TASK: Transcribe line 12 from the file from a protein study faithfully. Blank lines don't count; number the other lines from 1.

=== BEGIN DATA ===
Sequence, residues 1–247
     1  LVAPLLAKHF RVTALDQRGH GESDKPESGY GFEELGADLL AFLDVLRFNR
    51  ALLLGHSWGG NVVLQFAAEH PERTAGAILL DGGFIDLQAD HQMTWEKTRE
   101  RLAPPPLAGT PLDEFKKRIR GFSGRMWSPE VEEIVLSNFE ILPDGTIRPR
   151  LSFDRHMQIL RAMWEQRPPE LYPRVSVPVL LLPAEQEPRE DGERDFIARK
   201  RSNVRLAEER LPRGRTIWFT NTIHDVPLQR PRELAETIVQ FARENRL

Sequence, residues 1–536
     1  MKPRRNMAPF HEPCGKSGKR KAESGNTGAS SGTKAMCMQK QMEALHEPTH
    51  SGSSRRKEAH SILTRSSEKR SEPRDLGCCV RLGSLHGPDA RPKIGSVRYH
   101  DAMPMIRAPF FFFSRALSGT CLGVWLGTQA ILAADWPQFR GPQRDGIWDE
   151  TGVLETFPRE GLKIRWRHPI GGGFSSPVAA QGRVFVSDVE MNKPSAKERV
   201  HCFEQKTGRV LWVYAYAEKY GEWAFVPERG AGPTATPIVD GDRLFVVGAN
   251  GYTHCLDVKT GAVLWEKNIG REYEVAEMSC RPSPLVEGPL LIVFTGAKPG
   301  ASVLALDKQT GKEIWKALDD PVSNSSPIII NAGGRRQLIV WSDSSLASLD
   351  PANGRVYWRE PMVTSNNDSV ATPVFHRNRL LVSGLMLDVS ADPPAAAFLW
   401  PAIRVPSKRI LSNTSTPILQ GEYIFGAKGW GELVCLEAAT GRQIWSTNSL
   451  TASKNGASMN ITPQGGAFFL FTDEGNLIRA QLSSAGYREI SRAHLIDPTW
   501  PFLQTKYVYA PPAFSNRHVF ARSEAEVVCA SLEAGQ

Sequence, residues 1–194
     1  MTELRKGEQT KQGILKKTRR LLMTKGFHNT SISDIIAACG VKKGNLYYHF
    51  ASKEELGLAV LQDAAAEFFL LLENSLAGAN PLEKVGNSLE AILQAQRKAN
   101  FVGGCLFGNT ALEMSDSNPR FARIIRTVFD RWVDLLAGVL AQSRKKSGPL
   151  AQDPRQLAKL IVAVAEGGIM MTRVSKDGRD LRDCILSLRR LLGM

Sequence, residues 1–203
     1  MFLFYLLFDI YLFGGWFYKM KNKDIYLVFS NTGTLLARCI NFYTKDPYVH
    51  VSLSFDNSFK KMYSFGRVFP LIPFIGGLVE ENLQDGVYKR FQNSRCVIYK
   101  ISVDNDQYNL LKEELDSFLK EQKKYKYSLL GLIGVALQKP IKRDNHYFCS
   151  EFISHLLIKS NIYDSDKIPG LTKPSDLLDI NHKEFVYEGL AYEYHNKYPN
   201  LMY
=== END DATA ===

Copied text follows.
   201  HCFEQKTGRV LWVYAYAEKY GEWAFVPERG AGPTATPIVD GDRLFVVGAN